How working together is the way forward. The story of a measly toaster

09 Oct 2013
| Last update: 05 Dec 2014

101 on society and the way we need to be working together

The name was Thomas Thwaites. Year: 2010. It was the TED convention in London, England. Thomas was due to go on stage for a TEDTalk about the science behind toasters. At least that’s what was written on the description.

Working together for a better toaster

How does a toaster work? Pretty simple right? Yout the bread in and it comes out as toast.  Behind the pretty cover there’s somewhere around 400 different components. That’s 400 things that can go wrong. But then again, we as humans like to complicate ourselves. Thomas was on a quest. He wanted to build a toaster. He summed up all those components, stripped down the unessential and got down to 5 elements: Steel, Nickel, Plastic, Cooper and Chromel. He decided 9 months would suffice to build a toaster that would otherwise cost 5$.

Here’s where things really got complicated. He knew the technology behind the toaster but building it alone was a thing of its own. He needed to mine the iron for the steel. Steel is something found everywhere once processed. But how do you process steel? Well, from iron as stated just 2 sentences ago. Thing with iron is that it contains more carbon than anyone would like to have in their steel. So he hit the books and learned the magic behind making steel from iron.

You get the point. Below is the video for anyone interested with how his quest went along

If that’s not basic enough think of a pencil. You can get those for free. They’re made of wood, rubber, graphite and abit of metal. Pretty simple right? How can you single-handedly build one? You need to cut the wood, mill the lumber, mine the graphite, extrude it in the pencil, extract and process the rubber and mine metal for the metal band.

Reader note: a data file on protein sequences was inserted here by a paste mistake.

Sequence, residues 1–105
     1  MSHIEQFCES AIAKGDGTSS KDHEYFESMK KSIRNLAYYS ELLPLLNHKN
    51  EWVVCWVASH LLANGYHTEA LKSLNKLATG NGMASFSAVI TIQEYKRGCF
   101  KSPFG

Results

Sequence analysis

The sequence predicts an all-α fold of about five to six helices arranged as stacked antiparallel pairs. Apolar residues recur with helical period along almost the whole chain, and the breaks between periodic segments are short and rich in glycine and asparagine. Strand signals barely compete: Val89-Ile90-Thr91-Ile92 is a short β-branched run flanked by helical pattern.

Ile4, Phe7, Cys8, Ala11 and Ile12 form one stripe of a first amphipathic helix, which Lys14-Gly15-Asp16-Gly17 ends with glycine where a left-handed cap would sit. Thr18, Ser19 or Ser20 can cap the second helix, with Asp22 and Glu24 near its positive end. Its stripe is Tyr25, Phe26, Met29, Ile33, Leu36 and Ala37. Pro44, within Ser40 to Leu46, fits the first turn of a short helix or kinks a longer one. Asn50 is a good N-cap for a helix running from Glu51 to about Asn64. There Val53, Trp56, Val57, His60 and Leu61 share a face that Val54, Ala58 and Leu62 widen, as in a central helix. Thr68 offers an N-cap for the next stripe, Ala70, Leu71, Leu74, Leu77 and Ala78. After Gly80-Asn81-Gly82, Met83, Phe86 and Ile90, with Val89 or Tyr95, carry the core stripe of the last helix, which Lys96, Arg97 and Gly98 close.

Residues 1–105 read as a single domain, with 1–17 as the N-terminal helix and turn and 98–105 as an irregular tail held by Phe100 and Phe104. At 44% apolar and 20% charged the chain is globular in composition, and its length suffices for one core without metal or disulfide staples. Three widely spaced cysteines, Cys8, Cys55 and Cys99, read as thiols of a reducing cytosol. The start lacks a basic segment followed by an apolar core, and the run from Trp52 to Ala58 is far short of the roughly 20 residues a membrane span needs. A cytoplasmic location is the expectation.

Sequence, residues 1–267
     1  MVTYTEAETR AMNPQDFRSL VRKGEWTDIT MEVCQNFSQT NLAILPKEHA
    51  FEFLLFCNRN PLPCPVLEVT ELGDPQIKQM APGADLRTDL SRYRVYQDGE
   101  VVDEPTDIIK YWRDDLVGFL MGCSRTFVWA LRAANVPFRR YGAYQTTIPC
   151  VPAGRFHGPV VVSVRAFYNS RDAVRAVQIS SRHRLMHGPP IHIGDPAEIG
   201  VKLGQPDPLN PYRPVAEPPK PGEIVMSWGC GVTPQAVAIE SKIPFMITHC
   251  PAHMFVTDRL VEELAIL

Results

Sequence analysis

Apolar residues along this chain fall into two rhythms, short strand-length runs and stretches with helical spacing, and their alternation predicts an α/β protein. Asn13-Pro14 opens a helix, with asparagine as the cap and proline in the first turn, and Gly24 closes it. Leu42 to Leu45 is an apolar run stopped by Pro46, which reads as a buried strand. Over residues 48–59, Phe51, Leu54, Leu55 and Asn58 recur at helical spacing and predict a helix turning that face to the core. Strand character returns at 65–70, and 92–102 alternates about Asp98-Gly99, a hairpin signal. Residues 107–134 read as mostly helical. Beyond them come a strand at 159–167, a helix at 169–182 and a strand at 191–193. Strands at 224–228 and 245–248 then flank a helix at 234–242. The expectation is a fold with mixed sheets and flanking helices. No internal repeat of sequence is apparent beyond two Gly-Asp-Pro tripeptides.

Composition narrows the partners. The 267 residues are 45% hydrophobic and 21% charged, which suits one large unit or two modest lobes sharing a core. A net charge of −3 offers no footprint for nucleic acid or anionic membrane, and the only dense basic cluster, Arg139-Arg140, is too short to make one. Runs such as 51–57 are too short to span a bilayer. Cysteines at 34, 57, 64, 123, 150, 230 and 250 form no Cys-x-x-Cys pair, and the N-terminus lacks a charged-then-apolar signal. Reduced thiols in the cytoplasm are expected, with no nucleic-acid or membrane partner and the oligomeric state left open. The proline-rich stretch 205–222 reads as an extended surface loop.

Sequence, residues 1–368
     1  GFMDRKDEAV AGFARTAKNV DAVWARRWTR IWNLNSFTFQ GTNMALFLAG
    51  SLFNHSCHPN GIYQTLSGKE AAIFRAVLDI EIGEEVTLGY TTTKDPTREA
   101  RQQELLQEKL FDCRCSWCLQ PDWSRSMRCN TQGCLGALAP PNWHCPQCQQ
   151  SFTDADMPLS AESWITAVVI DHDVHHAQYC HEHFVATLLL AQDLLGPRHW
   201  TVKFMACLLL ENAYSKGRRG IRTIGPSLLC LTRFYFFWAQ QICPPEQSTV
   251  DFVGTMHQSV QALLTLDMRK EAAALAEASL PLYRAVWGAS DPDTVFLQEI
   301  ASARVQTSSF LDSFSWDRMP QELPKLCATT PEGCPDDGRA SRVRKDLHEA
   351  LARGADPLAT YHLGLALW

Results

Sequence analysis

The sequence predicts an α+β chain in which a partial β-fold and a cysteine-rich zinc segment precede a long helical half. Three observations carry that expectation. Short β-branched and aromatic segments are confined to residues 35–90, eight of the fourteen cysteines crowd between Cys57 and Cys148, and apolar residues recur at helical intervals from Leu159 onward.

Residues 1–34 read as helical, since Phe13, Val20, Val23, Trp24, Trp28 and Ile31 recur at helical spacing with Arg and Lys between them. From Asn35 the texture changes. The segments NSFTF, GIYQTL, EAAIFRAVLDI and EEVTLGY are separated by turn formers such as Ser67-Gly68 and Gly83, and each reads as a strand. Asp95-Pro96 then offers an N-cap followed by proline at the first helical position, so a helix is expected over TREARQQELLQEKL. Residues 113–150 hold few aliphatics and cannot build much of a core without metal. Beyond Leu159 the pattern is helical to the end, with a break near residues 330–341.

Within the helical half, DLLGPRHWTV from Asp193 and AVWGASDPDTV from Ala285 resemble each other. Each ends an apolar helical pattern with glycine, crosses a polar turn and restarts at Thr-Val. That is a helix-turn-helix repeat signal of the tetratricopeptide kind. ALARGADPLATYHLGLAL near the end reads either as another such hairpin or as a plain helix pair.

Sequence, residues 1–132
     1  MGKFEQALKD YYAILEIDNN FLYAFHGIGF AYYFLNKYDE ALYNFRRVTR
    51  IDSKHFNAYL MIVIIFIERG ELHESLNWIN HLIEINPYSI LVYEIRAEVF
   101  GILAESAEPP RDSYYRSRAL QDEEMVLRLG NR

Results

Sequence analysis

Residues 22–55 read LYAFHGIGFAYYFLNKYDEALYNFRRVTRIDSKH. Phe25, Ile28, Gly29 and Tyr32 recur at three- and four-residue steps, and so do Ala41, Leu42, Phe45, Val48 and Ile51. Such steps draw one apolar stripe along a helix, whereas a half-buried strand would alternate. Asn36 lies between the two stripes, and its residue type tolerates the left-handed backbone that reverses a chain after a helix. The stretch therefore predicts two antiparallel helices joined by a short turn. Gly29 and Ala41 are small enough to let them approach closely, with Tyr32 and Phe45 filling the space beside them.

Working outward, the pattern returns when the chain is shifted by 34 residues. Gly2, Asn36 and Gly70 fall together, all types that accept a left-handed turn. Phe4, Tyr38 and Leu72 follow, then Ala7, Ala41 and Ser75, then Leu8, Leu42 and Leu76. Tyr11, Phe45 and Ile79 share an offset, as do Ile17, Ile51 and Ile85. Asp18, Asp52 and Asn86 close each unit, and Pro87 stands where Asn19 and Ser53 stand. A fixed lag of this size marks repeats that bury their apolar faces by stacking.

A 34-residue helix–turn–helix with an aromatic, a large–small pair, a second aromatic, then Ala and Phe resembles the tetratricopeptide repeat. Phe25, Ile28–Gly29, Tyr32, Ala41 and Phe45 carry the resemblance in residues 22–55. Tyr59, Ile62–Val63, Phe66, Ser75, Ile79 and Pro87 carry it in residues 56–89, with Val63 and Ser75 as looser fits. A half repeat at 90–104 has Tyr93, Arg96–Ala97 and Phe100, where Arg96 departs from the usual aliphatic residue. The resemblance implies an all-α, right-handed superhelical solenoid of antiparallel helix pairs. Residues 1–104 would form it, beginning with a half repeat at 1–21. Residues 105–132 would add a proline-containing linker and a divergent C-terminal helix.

Dependent on working together

We as a society are dependent on each and every one of us working together. Individualism is a dying breed for the sole reason that it’s not profitable anymore. And it’s not really a bad thing, working together that is. We get things done faster and better.

Now, let’s swap the toaster with your blog. Your blog is most likely made out of tens or hundreds of articles. It went through dozens of design changes. You can’t remember how many times you’ve changed the code in it. It took quite some time to set-up.

And then there comes the internet. Optimizing for search engines. Marketing it properly through a dozen or more social channels to reach out to new audience. Making sure it works on everything, yes even Internet Explorer. It’s a very time consuming process having a blog. There’s so much to learn since everything is changing all the time.

So to be profitable you have to resort to other peoples knowledge. You have to make use of other peoples resources. Otherwise you’ll be so caught up in learning everything, writing articles and tending after your customers that you’ll never see the light of day ever again.


Alexandru Coroiu

Alexandru Coroiu

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Has a love-hate relationship with Google
Once tried to steal Iron Squirrel's suite just to realize it's too small for him
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Alexandru Coroiu